A generic title befits director Gregory W. Friedle’s lethargic, Connecticut-set and otherwise indistinctive indie thriller, which attempts to offer the white-knuckle gratifications of a studio procedural with a conspicuous lack of production values, screen talent, plausibility, originality, or a lick of aesthetic flair.
After his young son is abducted from a mall and ritualistically sacrificed by a shadowy league of religious zealots, single dad and nonspecifically high-powered exec Tom Hawkins (Kevin O’Donnell) pinballs between behaviors suicidal and homicidal. He mopes and cries alone in a handful of superfluous scenes, including a prolonged funeral sequence in which he mutters to himself or God before plotting revenge.
The FBI team tracking the case — led by a wizened senior agent (Two-time Tony winner James Naughton, the only actor here worth a damn) who can’t monitor his undercover loose cannon (Quincy Dunn-Baker) — inexplicably grants Tom intimate access to their investigation. A suspect is stabbed in a courtroom, Tom is given a sanity evaluation by a psychiatrist of dubious qualifications, and the clues ex machina only add up to time-wasting nonsense.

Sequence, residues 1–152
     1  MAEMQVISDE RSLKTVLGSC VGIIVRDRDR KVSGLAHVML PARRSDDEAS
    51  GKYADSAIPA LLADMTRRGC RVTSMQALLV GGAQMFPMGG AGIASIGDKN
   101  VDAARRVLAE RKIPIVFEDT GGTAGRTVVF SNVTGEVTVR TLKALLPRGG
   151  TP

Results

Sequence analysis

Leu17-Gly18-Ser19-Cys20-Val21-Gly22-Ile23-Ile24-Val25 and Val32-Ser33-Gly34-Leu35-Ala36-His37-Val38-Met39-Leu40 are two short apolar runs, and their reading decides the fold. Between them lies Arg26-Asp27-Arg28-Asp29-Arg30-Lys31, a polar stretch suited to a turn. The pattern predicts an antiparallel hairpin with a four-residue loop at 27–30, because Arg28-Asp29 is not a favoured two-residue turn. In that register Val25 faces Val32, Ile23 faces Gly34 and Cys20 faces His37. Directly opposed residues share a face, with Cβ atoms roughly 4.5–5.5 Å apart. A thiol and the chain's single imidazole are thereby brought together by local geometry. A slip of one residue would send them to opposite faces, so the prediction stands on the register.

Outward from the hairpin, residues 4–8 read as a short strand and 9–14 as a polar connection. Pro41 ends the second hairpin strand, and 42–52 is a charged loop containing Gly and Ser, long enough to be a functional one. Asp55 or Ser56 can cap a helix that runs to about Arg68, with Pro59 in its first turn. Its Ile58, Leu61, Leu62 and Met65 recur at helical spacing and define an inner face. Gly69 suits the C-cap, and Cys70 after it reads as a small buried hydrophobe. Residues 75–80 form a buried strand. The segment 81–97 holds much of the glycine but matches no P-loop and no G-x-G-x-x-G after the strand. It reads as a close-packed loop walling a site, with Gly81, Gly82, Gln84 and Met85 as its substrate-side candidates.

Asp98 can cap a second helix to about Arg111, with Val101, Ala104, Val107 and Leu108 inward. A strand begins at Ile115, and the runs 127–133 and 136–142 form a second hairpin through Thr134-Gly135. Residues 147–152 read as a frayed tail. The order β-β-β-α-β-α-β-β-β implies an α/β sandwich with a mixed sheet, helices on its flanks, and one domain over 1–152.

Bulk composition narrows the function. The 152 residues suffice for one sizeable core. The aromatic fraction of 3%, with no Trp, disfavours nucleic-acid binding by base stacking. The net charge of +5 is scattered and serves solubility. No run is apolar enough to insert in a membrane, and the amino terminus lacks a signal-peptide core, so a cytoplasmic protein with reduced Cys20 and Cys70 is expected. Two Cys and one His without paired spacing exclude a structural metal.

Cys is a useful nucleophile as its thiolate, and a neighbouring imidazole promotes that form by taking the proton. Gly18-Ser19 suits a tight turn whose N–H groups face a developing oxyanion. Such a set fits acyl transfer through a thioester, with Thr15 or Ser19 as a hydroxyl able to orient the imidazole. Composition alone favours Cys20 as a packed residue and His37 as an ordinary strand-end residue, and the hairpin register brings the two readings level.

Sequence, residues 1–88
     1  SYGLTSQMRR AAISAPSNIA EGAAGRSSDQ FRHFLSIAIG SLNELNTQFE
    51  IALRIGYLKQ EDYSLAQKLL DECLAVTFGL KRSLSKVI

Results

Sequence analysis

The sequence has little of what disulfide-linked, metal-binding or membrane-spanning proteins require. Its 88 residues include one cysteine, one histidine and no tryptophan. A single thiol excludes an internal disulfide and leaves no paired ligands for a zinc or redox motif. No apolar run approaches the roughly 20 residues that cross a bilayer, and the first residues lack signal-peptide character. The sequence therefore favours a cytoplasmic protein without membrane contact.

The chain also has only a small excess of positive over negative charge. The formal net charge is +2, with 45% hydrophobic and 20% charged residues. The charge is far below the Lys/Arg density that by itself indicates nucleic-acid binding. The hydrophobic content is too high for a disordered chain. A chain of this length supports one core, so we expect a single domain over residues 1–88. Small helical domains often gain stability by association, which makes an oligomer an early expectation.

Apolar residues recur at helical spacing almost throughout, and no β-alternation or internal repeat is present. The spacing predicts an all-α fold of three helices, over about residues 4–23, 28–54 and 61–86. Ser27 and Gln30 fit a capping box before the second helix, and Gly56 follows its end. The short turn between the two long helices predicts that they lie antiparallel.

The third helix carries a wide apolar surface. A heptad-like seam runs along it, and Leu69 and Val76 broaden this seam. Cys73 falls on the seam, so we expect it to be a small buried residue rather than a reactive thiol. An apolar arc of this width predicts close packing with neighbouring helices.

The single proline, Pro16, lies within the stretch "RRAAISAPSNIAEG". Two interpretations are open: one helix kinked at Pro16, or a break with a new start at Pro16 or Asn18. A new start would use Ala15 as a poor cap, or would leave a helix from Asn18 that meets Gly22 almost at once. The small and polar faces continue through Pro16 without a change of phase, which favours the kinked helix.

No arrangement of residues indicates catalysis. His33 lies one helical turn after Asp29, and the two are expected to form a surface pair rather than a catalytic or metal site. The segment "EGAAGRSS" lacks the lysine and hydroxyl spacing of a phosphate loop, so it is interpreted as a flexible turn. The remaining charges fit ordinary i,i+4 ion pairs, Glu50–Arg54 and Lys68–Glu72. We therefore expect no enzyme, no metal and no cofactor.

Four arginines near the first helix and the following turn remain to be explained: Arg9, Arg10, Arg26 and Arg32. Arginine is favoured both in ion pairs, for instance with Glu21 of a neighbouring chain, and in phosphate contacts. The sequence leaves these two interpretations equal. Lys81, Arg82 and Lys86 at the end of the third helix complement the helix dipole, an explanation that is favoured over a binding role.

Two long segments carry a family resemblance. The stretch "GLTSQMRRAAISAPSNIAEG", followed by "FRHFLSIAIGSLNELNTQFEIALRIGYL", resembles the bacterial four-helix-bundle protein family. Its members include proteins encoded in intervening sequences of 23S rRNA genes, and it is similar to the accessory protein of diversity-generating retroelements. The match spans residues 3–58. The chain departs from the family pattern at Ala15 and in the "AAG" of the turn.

A note to all budget-challenged filmmakers: Telling personal stories is infinitely more compelling to watch than a dollar-store imitation of Hollywood gloss.
This article from the Village Voice Archive was posted on August 13, 2014